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Globalization | Peer-Reviewed Research

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Should Your Company Set Up An Overseas R&D Site?

Based on research by Haiyang Li, R. Michael Holmes Jr., Michael A. Hitt, Kaitlyn DeGhetto and Trey Sutton

Should Your Company Set Up An Overseas R&D Site?

  • Setting up foreign research and development centers can create lucrative new markets.
  • But the risks are real: When establishing a new R&D center, location matters.
  • Multinational corporations that set up shop overseas must be vigilant about their intellectual property.

Setting up a research and development center abroad can be a brilliant move. Thriving foreign R&D hubs can lead to growth, new technologies and hungry new markets. Foreign R&D also comes with plenty of risks: Choose the wrong spot and your multinational firm could spend more than it makes. How should corporations choose where to go?

In a paper, Rice Business professor Haiyang Li joined a team of colleagues to analyze the ups and downs of foreign R&D. While the study focused on China, they noted that their findings could apply to multinationals considering other locales.

To conduct the study, Li and his team studied data from 164 multinational corporations between 1998-2012. The researchers focused on publicly-traded U.S. corporations, because public companies offered more accessible data and because more U.S. corporations have R&D centers in China than do any other countries.

Because moving corporate R&D to other countries is an established trend, the data clearly showed its advantages. The main perk: a chance to tap into the new country’s resources, including its people, materials and culture. In China, the enormous population combined with an explosion in higher education has created especially fertile ground for R&D staffing — even though hundreds of multinationals have already moved in. Cisco Systems is one such business: Its R&D facility in Shanghai now employs 100 Chinese telecommunications engineers.

Access to material resources and an understanding of local culture both help immensely — first in the early R&D phase and then in development and marketing of new products. This strategy worked well for Caterpillar, which used its China-based R&D center to help establish a Chinese market for their heavy machinery. Establishing foreign R&D centers also helps firms tap into wider global markets. Opening a research center in China, for instance, is more than just a push into that market, the researchers wrote: It can be part of a larger, global strategy.

While foreign R&D centers are by now a longstanding trend, deciding when and where to set them up has been surprisingly haphazard, the researchers wrote. Recent history shows that choosing well requires weighing a daunting array of economic, political and cultural factors.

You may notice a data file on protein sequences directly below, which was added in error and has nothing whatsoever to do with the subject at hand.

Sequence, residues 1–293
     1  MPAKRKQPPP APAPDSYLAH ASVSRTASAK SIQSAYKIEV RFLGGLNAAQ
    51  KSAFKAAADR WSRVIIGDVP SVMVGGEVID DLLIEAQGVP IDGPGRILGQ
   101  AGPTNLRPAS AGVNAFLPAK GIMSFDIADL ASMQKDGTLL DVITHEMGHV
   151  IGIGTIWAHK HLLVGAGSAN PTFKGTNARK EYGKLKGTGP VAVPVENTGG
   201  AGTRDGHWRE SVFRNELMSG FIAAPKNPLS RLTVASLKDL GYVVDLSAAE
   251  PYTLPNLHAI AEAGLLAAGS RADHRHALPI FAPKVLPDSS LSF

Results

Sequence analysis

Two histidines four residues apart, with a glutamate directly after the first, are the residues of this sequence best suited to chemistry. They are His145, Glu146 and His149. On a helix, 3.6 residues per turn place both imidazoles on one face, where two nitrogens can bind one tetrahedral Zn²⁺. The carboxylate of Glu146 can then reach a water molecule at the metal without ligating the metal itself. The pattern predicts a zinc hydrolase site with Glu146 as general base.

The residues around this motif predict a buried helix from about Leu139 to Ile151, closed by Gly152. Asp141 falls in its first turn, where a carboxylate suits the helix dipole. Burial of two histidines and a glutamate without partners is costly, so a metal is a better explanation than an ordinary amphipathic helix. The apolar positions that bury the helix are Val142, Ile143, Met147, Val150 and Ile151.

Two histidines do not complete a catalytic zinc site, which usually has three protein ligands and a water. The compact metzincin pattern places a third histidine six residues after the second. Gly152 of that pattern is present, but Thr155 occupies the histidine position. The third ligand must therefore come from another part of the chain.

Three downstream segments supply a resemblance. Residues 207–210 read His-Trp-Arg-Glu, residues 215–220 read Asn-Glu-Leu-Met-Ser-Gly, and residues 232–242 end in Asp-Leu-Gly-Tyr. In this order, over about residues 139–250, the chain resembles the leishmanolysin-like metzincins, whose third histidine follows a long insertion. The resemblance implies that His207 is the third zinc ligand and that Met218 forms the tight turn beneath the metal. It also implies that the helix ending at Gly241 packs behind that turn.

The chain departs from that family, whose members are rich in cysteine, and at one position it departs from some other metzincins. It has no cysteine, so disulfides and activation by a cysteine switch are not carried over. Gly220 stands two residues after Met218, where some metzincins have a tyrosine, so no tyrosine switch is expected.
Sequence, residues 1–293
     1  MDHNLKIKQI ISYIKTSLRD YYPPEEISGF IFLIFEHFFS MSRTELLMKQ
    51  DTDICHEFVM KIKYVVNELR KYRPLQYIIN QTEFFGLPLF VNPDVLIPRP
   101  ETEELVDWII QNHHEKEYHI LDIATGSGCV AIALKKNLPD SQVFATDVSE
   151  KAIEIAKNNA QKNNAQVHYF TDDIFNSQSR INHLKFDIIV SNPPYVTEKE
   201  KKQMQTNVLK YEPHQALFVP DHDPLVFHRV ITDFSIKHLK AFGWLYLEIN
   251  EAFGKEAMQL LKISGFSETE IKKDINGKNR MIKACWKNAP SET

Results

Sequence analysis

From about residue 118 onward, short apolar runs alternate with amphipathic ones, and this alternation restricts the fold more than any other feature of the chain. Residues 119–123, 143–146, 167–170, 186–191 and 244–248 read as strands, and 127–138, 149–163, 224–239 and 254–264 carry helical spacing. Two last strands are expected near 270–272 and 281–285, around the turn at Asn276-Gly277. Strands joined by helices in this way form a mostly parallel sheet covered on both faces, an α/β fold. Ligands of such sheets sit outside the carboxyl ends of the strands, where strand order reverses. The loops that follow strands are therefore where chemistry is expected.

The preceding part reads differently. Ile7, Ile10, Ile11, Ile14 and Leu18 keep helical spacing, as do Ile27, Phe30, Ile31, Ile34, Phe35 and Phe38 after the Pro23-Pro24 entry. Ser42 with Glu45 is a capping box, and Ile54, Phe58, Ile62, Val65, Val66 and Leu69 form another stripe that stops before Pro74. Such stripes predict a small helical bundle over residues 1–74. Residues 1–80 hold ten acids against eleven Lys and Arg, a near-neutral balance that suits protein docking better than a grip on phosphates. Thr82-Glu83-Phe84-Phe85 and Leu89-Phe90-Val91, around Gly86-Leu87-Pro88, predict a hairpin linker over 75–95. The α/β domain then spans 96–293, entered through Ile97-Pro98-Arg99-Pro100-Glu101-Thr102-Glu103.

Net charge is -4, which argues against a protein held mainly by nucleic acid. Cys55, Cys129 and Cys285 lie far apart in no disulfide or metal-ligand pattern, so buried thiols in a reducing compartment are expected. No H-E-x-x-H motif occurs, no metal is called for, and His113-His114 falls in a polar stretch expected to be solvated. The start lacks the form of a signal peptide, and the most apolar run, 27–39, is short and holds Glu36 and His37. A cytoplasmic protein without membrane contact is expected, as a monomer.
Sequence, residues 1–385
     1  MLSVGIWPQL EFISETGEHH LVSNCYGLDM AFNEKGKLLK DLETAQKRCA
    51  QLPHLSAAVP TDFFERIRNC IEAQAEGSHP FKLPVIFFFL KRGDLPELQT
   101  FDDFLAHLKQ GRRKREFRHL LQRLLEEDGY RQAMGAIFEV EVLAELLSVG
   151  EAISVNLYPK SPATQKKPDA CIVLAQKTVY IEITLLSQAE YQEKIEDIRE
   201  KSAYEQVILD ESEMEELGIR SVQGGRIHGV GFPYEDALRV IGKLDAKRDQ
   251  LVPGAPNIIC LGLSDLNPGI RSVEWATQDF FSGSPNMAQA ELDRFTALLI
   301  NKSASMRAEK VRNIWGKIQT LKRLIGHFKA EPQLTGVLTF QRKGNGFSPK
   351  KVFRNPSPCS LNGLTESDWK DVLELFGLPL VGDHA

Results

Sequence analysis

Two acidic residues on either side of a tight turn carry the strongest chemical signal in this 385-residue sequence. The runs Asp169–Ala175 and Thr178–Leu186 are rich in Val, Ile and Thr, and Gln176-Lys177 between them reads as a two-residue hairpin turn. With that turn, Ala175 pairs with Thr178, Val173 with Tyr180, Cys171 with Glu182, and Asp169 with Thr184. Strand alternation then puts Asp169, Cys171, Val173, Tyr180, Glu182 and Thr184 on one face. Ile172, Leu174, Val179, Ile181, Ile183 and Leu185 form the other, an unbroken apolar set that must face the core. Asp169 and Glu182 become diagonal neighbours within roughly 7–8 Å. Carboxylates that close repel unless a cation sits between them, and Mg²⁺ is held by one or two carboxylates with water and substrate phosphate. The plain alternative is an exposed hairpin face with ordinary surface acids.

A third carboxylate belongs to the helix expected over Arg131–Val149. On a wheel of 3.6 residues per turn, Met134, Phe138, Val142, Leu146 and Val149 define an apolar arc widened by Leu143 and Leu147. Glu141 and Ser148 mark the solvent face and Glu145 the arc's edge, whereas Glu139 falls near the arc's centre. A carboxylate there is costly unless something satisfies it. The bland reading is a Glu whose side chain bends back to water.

So where does a shrewd manager start? From an economic perspective, the researchers advised, prioritize a host country with strong growth indicators — especially if your company might enter markets in that country. From a political angle, look for countries with proven, long-term political stability. Finally, you’ll need sophisticated information about the economic and political realities in different parts of a country. In a nation as vast as China, for example, choosing the right region for your R&D center is as almost as consequential as choosing the right country.

A less tangible, but enormously important, consideration is the role of intellectual property or IP. Since a company’s IP is its lifeblood, it’s vital that its host country provide real, enforceable legal protections. China in particular is notorious for shoddy IP protections, leading to rampant bootlegging and other forms of idea theft. While new laws theoretically protect intellectual property, companies should still seek assurance that these laws would be enforced. 

Last on the multinational to-do list: take logistical and cultural challenges seriously. For firms based in the United States, moving people and materials around the world needs careful cost-benefit calculations. And that’s only half of the equation. To succeed in a foreign culture, multinationals then need to fully research, understand, and honor the new host culture.

Despite all these challenges, and the very real cost when companies fail to meet them, globalized R&D is booming. To help companies avoid mistakes, Li and his colleagues wrote, future researchers need to pinpoint exactly when, where and for whom global R&D really works. There’s clearly a market for such research. Whether measured in airline miles, shipping containers or even financial ledgers, multinationals are clearly  finding overseas R&D worth the risks.


Haiyang Li is a professor of strategic management and innovation at the Jones Graduate School of Business at Rice University.

To learn more, please see: Holmes Jr., R.; Li, Haiyang; Hitt, Michael; DeGhetto, Kaitlyn; & Sutton, Trey. (2016). The Effects of Location and MNC Attributes on MNCs' Establishment of Foreign R&D Centers: Evidence from China. Long Range Planning, 49, 594-613.

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